What many people don’t realize is that the consumption of primary energy, as well as electricity production, has been variable since its inception. At the turn of the twentieth century, coal represented more than 90% of global primary energy consumption, which was later overtaken by oil, gas and nuclear. In March of this year (2022), U.S. wind production surpassed both coal and nuclear for the first time.
I am optimistic about society’s ability to transition to reliable, net-zero electricity over time. In addition to conventional renewables, the transition likely involves next-generation nuclear as well as hydrogen and possibly other technologies not yet commercially proven.
POWER: The first challenge for any power generation project to move forward is to find financing. What is the first step (and/or subsequent steps) that an entity should take when considering a renewable energy project?
McLaughlin: In my experience, formal financing (permanent equity and debt), is one of the last steps in the development of a renewable energy project. The first step is to secure site control of a location with compelling project attributes (resource availability, proximity to the electric grid in a region with transmission capacity, favorable geographical and geological conditions, etc.). Once site control has been achieved, the developer embarks on a multi-year process of permitting and interconnect (to grid). The duration and capital requirements of permitting and interconnect vary broadly between jurisdictions but can as long as five or six years in certain U.S. states. As a project gets closer to obtaining all the key permits as well as an interconnection agreement, the project developer general turns their attention to power/environmental attribute offtake and equipment supply/construction. With all those elements in place, securing financing becomes one of the easier steps in the development process.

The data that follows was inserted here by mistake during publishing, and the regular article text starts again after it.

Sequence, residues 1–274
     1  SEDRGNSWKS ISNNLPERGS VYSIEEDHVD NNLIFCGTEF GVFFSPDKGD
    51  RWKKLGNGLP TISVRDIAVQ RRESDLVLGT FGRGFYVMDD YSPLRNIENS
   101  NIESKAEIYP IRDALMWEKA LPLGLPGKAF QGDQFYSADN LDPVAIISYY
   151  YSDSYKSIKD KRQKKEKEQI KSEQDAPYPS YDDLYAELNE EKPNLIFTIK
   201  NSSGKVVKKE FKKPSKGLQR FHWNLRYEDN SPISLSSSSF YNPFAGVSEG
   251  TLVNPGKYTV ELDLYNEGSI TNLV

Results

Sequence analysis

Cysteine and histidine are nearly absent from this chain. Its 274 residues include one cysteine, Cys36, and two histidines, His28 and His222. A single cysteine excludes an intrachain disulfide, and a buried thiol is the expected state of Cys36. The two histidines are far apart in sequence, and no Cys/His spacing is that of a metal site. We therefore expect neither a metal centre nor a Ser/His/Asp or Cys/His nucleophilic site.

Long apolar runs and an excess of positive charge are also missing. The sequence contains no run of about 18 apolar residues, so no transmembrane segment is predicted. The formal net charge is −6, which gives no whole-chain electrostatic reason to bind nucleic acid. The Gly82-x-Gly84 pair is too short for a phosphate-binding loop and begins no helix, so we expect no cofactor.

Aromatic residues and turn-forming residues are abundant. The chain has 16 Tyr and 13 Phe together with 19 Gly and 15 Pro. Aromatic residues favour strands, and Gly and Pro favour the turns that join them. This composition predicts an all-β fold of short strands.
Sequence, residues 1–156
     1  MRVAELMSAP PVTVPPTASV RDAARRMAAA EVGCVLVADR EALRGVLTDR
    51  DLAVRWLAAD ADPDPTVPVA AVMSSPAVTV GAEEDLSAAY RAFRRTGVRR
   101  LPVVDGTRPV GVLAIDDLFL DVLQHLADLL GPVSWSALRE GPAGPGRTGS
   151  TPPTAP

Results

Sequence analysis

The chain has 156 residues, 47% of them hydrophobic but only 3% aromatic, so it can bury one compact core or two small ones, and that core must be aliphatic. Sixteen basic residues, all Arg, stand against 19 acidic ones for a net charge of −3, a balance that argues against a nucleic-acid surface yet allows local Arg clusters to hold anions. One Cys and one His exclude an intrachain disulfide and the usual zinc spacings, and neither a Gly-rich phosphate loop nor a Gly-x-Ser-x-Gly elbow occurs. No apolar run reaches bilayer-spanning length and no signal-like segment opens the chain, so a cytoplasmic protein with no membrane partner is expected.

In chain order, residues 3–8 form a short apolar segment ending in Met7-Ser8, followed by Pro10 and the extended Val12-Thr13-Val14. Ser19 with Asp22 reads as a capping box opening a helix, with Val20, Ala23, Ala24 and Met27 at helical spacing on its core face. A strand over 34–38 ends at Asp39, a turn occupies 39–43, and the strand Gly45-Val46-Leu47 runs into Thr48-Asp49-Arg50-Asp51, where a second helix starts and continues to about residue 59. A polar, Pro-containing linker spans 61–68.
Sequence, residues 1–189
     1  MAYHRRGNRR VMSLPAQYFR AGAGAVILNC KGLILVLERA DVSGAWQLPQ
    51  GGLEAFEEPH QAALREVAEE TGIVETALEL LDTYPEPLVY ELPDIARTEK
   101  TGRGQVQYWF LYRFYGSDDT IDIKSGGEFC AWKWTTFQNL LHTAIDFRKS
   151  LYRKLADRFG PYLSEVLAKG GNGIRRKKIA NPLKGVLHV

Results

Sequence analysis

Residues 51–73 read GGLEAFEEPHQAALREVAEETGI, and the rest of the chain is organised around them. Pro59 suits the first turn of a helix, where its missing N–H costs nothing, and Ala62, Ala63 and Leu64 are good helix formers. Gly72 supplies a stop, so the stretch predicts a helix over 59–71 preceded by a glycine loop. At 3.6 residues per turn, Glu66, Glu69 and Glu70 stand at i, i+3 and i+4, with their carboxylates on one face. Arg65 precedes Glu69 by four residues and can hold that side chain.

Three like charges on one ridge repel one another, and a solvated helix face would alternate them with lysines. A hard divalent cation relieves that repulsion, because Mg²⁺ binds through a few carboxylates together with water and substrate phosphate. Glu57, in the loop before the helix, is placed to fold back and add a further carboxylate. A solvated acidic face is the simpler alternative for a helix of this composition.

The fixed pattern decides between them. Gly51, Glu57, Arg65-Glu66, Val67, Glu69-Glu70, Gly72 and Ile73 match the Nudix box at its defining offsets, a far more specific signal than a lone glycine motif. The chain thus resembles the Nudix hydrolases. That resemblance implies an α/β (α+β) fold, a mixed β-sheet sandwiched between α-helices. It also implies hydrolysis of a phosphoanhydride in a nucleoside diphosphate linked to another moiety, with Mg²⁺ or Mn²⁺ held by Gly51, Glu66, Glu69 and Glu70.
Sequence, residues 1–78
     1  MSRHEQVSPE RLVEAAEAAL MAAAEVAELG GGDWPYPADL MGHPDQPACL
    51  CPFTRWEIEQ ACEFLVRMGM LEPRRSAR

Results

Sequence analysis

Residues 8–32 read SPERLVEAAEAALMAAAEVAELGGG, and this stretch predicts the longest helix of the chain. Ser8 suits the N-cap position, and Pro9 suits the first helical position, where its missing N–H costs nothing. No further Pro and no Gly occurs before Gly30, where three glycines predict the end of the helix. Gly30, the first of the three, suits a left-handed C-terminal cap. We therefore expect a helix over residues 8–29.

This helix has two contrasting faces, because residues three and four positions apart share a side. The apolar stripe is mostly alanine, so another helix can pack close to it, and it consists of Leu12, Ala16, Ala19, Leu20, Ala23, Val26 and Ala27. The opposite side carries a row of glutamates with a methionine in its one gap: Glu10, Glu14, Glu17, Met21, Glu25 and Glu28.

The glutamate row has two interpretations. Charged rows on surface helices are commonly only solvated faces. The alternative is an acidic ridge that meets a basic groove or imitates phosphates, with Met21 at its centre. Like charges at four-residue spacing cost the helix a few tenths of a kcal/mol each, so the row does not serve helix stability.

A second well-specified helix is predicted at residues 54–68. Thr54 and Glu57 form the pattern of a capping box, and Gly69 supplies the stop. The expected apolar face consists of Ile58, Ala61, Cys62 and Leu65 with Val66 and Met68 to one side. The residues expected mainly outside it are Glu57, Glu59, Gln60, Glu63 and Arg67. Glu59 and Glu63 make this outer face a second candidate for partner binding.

POWER: What are the major challenges facing renewable energy today, and how do those challenges impact different technologies (solar, onshore wind, offshore wind, battery storage, etc.)?
McLaughlin: In the U.S., the most significant challenges facing renewable energy are overrun interconnection queues to connect to the grid and supply chain constraints. Interconnection delays generally impact all renewable technologies equally, with the exception of behind-the-meter solar and energy storage, which benefit from straightforward processes with the local utilities because of their proximity to load. Supply chain constraints vary. The solar market in the U.S. was hamstringed earlier this year by the Department of Commerce’s inquiry into whether solar panels from Southeast Asia were circumventing anti-dumping rules. Wind and energy storage have had their own challenges as well.
POWER: Environmental arguments for renewable energy are obvious, but are there financial arguments that can bring about more support for renewables?
McLaughlin: On the basis of levelized cost of energy, which takes into consideration capital expenditure (CAPEX), operational expenditure (OPEX) and fuel costs, wind and solar in the U.S. are on par with combined-cycle generation both with and without tax credits. The optimal mix of generation technologies will depend largely on resource availability in a specific jurisdiction. That said, given the competitive costs of renewable power, doubling down on fossil fuels as West Virginia has done with coal, is unlikely to lead to an economically attractive outcome.
—Darrell Proctor is a senior associate editor for POWER (@POWERmagazine).